The Skye’s the limit: This famous Scottish island is bursting with innovative restaurants in glorious settings

  • Jonathan Brocklebank notes that Skye has three world-renowned restaurants
  • He tries the ‘Kitchen Table Experience’ at one of them – The Three Chimneys
  • READ MORE: Stunning locations from Bond movies showcased in new book

A restaurant telling you where they source their seafood is nothing unusual. But here at The Three Chimneys on the Isle of Skye, they’ll tell you the name of the actual fisherman who landed your langoustines.

It’s all part of the Kitchen Table Experience — a four-hour culinary extravaganza where everything in the dizzying array of dishes is caught, farmed or grown locally.

This premium option at one of Scotland’s foremost restaurants sits up to eight guests at a big table in the kitchen alongside head chef Scott Davies and his talented team.

Scott is a mild-mannered chap, so there’s no Ramsay-esque tongue-lashings for staff tonight and, nine courses later, we wonder if we would even have noticed.

From the opening Loch Dunvegan crab, through trout caviar, double hand-dived scallops and on to shoulder of lamb from the farm down the road, we’re too wrapped up in what’s happening on our plates.

Jonathan Brocklebank enjoys a ‘weekend of discovery’ on the Scottish isle of Skye. Above are the island’s Cuillin Hills, which ‘exert a huge pull on walkers and climbers’

A fish dish at The Three Chimneys, one of three world-renowned restaurants on the island 

The session, with wines for each course and convivial chat with other guests — strangers at 7pm, pals by 11pm — is the high point in a weekend of discovery on Skye.

With The Three Chimneys, Loch Bay and Kinloch Lodge, this island of just 13,000 residents has three world-renowned restaurants.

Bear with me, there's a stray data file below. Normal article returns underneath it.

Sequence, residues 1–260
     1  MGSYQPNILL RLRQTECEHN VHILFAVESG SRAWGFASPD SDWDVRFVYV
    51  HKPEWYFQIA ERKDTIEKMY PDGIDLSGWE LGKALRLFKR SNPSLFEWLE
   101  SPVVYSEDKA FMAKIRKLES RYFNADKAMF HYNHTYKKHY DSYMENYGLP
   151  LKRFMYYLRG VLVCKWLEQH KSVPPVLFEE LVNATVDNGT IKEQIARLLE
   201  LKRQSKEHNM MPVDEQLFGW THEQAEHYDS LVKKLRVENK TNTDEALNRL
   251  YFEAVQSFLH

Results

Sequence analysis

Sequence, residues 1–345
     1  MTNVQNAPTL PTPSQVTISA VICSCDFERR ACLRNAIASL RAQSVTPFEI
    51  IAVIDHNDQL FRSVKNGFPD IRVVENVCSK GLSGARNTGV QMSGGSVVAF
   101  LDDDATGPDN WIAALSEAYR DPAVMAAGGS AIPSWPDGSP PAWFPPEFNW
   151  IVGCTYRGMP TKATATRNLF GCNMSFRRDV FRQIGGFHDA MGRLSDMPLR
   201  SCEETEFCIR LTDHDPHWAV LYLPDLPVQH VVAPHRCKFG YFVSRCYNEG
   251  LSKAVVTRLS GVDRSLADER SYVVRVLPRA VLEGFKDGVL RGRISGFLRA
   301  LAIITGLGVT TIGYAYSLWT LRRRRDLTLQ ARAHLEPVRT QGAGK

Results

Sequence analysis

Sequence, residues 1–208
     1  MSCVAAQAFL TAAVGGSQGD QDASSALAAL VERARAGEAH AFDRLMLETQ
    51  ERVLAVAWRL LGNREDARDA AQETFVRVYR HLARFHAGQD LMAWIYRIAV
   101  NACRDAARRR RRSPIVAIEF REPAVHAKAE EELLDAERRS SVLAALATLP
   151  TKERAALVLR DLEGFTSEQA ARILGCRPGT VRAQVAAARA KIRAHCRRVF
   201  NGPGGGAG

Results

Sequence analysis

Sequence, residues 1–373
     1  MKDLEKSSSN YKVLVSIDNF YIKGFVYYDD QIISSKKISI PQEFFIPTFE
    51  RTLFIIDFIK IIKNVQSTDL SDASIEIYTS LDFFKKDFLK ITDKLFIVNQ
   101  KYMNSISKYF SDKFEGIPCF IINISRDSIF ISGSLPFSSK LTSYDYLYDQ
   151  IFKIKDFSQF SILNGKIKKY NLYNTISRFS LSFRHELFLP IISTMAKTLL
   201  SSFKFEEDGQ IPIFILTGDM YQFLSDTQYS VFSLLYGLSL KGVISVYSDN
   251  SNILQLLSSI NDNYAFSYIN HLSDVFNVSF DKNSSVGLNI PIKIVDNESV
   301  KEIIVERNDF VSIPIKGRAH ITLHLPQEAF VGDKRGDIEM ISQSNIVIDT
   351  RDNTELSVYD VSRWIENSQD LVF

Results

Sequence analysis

In Talisker, it has a standout single malt. Its Cuillin Hills — one minute brooding under low cloud, the next bathed in shafts of sublime sunlight — exert a huge pull on walkers and climbers. And, of course, the island has a bridge. Basing ourselves at The House Over-By, The Three Chimneys’ comfy rooms just yards from the restaurant in Colbost overlooking Loch Dunvegan, we strike south-east towards Carbost, home of the Talisker Distillery since 1830.

We’re joined on the tour by a French couple, Canadians, Americans, even New Zealanders. As a Glaswegian, a mere six-hour drive from home, I’m the ‘local’. The Talisker tasting involves more senses than we imagine. ‘You can smell it and taste it but put the glass to your ear. Can you hear the sea?’ says our guide. Several among us swear they could.

Kinloch Lodge is one of the renowned restaurants on the island, Jonathan reveals. He says that Skye is a ‘revelation’ for foodies 

Above is the Fairy Pools waterfall, which Jonathan says is a ‘must-see’ for Skye visitors 

Jonathan explores Dunvegan Castle (above), which is the ‘seat of Clan MacLeod, whose history dates back to the 13th century when a man simply called Leod owned much of Skye’


Doubles at The House Over-By from £305 per night B&B, between October 23 and March 24. Four-course menu at the restaurant is £95 pp. Kitchen Table Experience is £120. See:

A few miles away is the Fairy Pools car park — a hotspot in the middle of nowhere. People come here for the 20-minute yomp to see the vivid aqua blues cascading off Black Cuillin. Virtually ignored until a decade ago, this has become a must-see since someone dreamed up the name.

But the skies are darkening so we head for Dunvegan Castle, seat of Clan MacLeod, whose history dates back to the 13th century when a man simply called Leod owned much of Skye. Flora MacDonald, who famously helped a fleeing Bonnie Prince Charlie over the sea to Skye, once lived here and the wealth of Jacobite relics on display are a marvel.

Back at The House Over-By, the bleat of a sheep outside our windows provides a morning alarm. It is alder-smoked trout and scrambled egg for breakfast in the restaurant next door.

Skye is restitution for the soul — and for foodies it’s a revelation.

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